It was about one and a half years ago that I finally I arrived where I had always wanted to be and do what I had always wanted-- teach students, support small language communities and conduct research on African languages on my doorstep. The University of Cape Town and my new colleagues welcomed my efforts to establish the Centre for African Language Diversity-- CALDi as well as The African Language Archive-- TALA and I was recently appointed the Mellon Research Chair: African Language Diversity this initiative. The main aim of CALDi is to train young African scholars in descriptive linguistics and open up space for research into African languages at UCT with the hopes of countering the dominance of African linguistics outside the continent. It has been a great challenge for which my whole career has been a form of preparation...Read more
The Cambridge Handbook of Communication Disorders examines the full range of developmental and acquired communication disorders and provides the most up-to-date and comprehensive guide to the epidemiology, aetiology and clinical features of these disorders.
Note: This is the paperback edition of a previously announced book.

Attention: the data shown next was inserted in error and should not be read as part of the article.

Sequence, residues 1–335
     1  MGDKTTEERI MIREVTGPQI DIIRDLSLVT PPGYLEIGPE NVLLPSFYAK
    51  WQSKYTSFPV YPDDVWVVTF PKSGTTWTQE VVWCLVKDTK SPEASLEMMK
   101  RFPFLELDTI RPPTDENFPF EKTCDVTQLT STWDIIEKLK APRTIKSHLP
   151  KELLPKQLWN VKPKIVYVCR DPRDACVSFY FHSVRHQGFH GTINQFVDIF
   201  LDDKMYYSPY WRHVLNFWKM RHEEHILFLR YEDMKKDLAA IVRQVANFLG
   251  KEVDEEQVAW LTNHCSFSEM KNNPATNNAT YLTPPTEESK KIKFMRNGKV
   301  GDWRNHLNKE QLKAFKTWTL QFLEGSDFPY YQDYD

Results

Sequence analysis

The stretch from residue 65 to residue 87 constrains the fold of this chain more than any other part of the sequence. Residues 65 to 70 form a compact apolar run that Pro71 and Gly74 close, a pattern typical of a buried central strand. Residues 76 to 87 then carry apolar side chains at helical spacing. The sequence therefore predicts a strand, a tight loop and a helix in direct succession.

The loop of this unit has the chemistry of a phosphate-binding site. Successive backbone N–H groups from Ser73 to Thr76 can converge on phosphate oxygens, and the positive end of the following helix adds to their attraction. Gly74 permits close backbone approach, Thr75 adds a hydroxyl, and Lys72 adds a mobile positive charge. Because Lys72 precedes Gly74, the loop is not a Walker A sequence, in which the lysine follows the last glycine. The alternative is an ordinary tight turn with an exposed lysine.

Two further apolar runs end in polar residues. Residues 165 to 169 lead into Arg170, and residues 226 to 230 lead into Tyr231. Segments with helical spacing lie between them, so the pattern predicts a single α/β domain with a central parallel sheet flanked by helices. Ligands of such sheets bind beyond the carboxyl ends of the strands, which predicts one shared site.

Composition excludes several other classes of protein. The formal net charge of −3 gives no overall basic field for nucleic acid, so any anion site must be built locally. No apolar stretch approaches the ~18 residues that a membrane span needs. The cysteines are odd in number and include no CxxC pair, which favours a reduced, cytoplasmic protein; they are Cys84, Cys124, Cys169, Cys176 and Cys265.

'It is not often that you are gripped by an academic book. I read Janet
Maybin's book through in almost one reading, gripped by the range of
insights she offers into children's off-record talk, her judicious use of
social and cultural theory, her many new insights into the significance of
styling and voicing emotion and evaluation in everyday dialogue, her
careful building of new ways of talking about and describing talk among
children. This is a highly significant contribution to language in
education, to our understandings of language use and multiple but hitherto
unnoticed aspects of the ways knowledge is constructed. It is a book that
is likely to refocus educational research for many years to come, shifting
the research landscape to the importance of talk outside the classroom for
our understanding of 'official' talk inside the classroom. It is a book
that is written in a lively and engaging style. In fact, it is a book that
is not just gripping; it is genuinely groundbreaking.'
- Ron Carter, Professor of Modern English Language, Nottingham University, UK